Dan appreciated the majesty of the trees and the lushness of the creek watered grounds. This feeling of abundance was a far cry from his daily cocoon of minimalism and soundproof glass. On the golf course he could hear every sound, if he really listened. The sounds of the creek slowly ebbing and flowing, the leaves rustling in the breeze, of the grass giving slightly underfoot. These were sounds not easily heard in many places any more, maybe that’s why he loved the game, and this hole, so much.
Jack loved the hole for a more selfish reason…because he could easily fill up his golf bag with gently used golf balls by exploring the woods lining the right hand side of the hole. While he and his dad tended to find the creek, most of the club’s golfers found their natural slices accentuated in an attempt to avoid the creek. Whereas most of the members could barely see into the thicket of trees, Jack’s young eyes could spot balls like a hawk zeroing in on a field mouse. He would bolt into the woods right after his tee shot and emerge moments later usually with no fewer than a half dozen balls, more than enough to last him the rest of this round (and a good portion of his next). His father couldn’t help but chuckle and remember his own days combing hillsides of fescue and beds of pine needles looking for balls when he was that age.
On this day, the father hit his draw to a perfect position down the left hand side of the fairway leaving him a perfect angle at the back right pin position. The son blocked his out to the right and found the rough, making the hole both long and unnecessarily difficult.
The father wandered toward the water’s edge and walked alongside the creek, lost in the sounds of the water flowing slowing toward the green. He walked leisurely, enjoying his time with nature. Thoughts slowly drifted away, as if carried along with the water. The tranquility he felt beside this water was rare these days. The hustle and bustle of work, a job, family responsibilities. There was rarely a moment just to himself any more. He savored his peaceful 18 hole walks more and more each day. Four hours of calm in an otherwise frantic existence.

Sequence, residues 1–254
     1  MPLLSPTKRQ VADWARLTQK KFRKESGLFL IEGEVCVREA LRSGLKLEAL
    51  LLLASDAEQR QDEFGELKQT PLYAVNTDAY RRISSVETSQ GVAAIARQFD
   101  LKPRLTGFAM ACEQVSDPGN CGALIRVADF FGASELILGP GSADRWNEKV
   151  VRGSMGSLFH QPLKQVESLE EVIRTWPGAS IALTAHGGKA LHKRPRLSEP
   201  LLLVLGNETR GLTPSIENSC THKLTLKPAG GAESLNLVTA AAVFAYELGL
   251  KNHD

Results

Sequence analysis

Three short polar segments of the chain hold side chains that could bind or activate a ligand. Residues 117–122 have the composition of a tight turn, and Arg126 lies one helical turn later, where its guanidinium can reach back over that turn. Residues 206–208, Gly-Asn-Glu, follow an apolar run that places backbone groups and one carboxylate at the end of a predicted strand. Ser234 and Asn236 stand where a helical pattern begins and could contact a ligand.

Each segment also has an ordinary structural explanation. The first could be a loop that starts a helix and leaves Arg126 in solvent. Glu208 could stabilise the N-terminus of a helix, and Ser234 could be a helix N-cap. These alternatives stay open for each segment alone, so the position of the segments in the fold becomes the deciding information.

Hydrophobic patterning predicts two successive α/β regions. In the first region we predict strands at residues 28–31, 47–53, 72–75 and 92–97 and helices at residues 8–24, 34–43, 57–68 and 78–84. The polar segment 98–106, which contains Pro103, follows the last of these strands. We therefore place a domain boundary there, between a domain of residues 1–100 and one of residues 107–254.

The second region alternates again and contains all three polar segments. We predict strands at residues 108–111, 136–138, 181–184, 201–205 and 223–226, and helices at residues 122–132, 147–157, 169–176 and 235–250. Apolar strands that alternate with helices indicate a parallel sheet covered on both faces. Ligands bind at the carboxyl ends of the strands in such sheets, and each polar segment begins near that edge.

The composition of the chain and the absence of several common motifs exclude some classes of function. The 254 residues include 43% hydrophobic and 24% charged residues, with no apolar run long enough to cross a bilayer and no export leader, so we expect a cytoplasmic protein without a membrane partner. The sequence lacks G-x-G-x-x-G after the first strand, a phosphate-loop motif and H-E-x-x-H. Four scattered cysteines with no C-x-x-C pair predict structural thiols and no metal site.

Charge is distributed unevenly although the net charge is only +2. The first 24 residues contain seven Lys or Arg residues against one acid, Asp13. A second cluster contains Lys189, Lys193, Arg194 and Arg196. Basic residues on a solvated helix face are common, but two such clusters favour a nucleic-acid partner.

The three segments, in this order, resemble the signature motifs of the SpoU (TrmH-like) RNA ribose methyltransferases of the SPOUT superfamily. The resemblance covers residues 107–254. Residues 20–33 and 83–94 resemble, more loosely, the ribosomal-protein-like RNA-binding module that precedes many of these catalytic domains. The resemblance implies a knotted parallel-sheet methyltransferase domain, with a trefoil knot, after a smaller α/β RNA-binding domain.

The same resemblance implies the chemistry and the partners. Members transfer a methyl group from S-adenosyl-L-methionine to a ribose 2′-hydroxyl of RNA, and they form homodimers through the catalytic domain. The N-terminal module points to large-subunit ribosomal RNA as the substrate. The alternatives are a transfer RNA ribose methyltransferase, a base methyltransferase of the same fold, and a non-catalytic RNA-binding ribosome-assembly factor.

He glanced over toward his son, but saw only a golf bag standing up where his son’s ball had settled. The son had already disappeared deep into the woods.
The son was only half looking for balls on this particular expedition. Mainly he was enjoying the damp, cool darkness under the canopy of trees. He pretended he was an explorer winding his way west, venturing to unknown territory for the first time with his rifle/nine iron slung over his shoulder. He hid behind trees and kneeled down to see if he could see any animal tracks. There might even be Indians lurking just ahead he thought.
“Your turn son” the father said toward the unattended golf bag.
And just like that the son reappeared, three shiny new golf balls and one nine iron in hand.
They played their second shots, the son hacking his way out of the rough, back into the fairway, the father a perfectly positioned iron about twenty feet under the pin. They walked toward the green together in the fairway.
“How many balls did you find?”
“Just three, but I think I saw an Indian too.”
“You might have son, this area used to be home to lots of Indians. This used to be their land until it was settled by our ancestors.”
“I’m glad our ancestors came here Dad, I sure do like it. We have everything, golf, trees, creeks. It’s awesome!”
“I agree, it is awesome here. We are lucky to live in a place like this. Not everyone is lucky enough to be so close to nature as spectacular as this. Enjoy it.”
“Oh I do dad, I love it.”
They continued to walk the same direction as the creek flowed, and the breeze blew and they felt as one with each other and nature.
If there is a heaven, the father thought, this must be it.